I remember quite well when Ishtar, the movie starring Dustin Hoffman and Warren Beatty, hit the theaters in 1987. It was one that I wanted to see because it included a couple of my favorite actors of the time. Both Charles Grodin (Heaven Can Wait) and Carol Kane (Taxi) had smaller parts, and I knew that they both would steal the show if given the opportunity.
I was an underclassman at a community college at the time and really didn’t have the extra funds to see movies at the cinema. Instead, I would usually wait for it to be available on VHS via our local Blockbuster. But soon after Ishtar’s theatrical release, I began hearing news reports about how bad the movie was. For her efforts, the director, Elaine May, went on to win the Golden Raspberry Award for Worst Director! I never did see the movie after those reviews!
This memory had completely escaped me until we began playing a new board game by the same name – Ishtar. Part of iello‘s summer releases, it is NOT a tribute to the movie! It’s a tile-laying game that might remind many of Kingdomino or Queendomino and pays homage to the ancient goddess. In Ishtar, you and up to three other players take on the role of gardeners trying to create the most wonderful flowerbeds, which will please the Queen. The person who does the best job will catch the attention of the King, who will make the winner his official gardener!
At the beginning of the game, each player receives a random Player Board, four Assistant meeples matching the board’s color and a purple gem. A large Carpet Board is placed within reach of all players, with two of the four Assistant meeples from each player being placed on it. Terrain Boards equal to the number of players plus two are randomly assembled in the center of the play area. Each rock space on the board will receive a matching colored gem and the remaining gems are set next to the board as a bank. Six Cup Tiles are randomly placed on the six spots on the Carpet Board. On each of these Cups a stack of six Basic Vegetation Tiles are stacked, face down. Blooming Tokens are also placed in the center of this board.
The deck of 26 Tree Cards are shuffled to form a draw pile and the first five cards are drawn and placed face up next to it. Each of these exposed cards has a tree placed on it, with the rest of the trees left in a pile next to the draw deck. First player is determined and given the watering can!
On your turn you will perform five actions in order. First you will choose a Vegetation Tile from the Carpet Board by moving the watering can one space clockwise (the first player chooses any position to start the game), taking the one on the top. If you don’t want the current tile, you can pay gems of any color to move forward (one gem per additional space). Then reveal the topmost tile from the pile from which you began your turn.
For your second action you will place the newly-acquired Vegetation Tile onto the board. Tiles may only cover sand and/or rock spaces and may not be placed over fountains, tablets or other Vegetation Tiles. At least one space of the tile you are placing must be adjacent to a fountain or to any other Vegetation Tile already placed. You also may not place a tile that would connect two different gardens of different fountains to each other or if it would cause several Assistants to end up on the same flowerbed, even if they belong to the same person. When you place the Vegetation Tile, collect any gems from the spaces you covered!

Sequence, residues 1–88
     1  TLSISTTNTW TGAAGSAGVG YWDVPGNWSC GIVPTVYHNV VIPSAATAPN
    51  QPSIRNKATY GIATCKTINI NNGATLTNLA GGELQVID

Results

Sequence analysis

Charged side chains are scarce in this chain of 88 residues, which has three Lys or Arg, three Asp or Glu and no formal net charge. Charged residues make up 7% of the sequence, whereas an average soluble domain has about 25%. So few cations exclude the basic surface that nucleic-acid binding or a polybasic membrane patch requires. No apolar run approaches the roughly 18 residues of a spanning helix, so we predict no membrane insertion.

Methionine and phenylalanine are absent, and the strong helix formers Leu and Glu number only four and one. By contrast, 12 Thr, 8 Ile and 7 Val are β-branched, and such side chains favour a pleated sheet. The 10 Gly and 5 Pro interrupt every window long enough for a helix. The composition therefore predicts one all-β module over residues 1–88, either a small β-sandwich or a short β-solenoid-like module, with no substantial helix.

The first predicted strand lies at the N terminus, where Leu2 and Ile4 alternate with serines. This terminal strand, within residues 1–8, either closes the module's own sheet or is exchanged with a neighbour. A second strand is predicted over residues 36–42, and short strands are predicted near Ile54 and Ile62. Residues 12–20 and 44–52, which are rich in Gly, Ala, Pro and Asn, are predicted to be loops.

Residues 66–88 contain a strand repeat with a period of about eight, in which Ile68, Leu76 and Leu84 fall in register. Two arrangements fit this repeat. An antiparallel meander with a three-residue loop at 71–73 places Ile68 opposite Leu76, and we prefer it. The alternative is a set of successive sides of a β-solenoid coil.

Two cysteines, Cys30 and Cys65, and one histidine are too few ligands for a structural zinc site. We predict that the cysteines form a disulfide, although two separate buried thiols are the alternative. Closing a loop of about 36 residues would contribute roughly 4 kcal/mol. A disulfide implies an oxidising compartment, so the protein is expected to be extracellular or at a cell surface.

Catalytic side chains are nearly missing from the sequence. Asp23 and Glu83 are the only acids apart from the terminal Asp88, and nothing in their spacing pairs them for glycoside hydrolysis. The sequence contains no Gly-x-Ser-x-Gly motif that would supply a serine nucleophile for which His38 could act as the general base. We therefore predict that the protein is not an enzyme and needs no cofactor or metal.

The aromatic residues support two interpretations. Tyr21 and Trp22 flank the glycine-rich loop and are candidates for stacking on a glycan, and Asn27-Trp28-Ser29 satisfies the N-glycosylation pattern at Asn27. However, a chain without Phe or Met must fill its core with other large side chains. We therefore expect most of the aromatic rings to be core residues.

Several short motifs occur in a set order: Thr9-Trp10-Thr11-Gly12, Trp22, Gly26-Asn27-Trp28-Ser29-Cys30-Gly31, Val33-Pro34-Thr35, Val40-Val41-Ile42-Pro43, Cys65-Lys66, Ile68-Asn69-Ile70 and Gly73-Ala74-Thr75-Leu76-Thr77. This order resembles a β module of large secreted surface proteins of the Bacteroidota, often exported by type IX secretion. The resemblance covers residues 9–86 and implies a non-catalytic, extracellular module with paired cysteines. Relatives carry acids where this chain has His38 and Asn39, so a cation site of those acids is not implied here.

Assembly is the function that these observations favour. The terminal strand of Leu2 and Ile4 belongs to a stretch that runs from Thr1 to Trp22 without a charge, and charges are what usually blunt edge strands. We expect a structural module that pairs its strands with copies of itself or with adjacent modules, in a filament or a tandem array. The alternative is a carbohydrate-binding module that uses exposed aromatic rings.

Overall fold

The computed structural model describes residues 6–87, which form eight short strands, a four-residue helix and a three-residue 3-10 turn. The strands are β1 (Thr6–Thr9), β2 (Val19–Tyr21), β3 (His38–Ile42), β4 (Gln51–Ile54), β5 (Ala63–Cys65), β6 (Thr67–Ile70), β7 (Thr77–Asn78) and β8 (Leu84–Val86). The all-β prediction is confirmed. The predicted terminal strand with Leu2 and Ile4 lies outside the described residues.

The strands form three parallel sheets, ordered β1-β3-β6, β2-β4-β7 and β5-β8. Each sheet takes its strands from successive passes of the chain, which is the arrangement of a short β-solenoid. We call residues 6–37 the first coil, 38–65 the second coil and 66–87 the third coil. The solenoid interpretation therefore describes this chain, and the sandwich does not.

On some tiles there are special icons that award additional actions when placed on the board. An assistant icon allows you to place one of your Assistants on that tile to cover the icon. A skill icon allows you to unlock a skill form your Player Board by taking two gems of any color and placing them on any free skill of your choice. You must complete lower level skills before unlocking the upper levels. A wild icon means you can use it as an Assistant or a Skill action!
Lastly you may purchase a tree from the five available by paying its cost in gems. That card is placed face down in front of you, while the wooden tree marker is put onto any free grass space on the board. You can purchase more than one tree if you can afford it! New tree cards are then revealed to fill up any empty slots at the end of your turn.
A game of Ishtar ends when any two stacks of Vegetation Tiles on the Carpet Board are empty. The current round is completed so that all players have had the same number of turns before proceeding to final scoring. Any tree cards you have where you couldn’t plant the tree are discarded. All planted tree cards are revealed and you’ll receive points as stated on the card. Score one point for each visible flower in flowerbeds controlled by your Assistants. Four point are gained for each purple fountain that you control (most flower spaces connecting), six for each red fountain and eight for controlling the white fountain. Additional points are received for unlocking skills on your player Board and the person with the most points wins Ishtar and becomes the King’s official gardener!
While we have played a number of tile-laying games that are similar in structure, Ishtar elegantly replaces them on our shelf. The decision to use rounded tiles instead of a traditional hex pattern and the inclusion of custom cut meeples shows the attention to detail used in the creation of Ishtar. You’ll find your copy at your favorite local game store or on Amazon. Stay on top of what iello is cultivating by following them on Facebook or Twitter!
Is your flower garden king-worthy?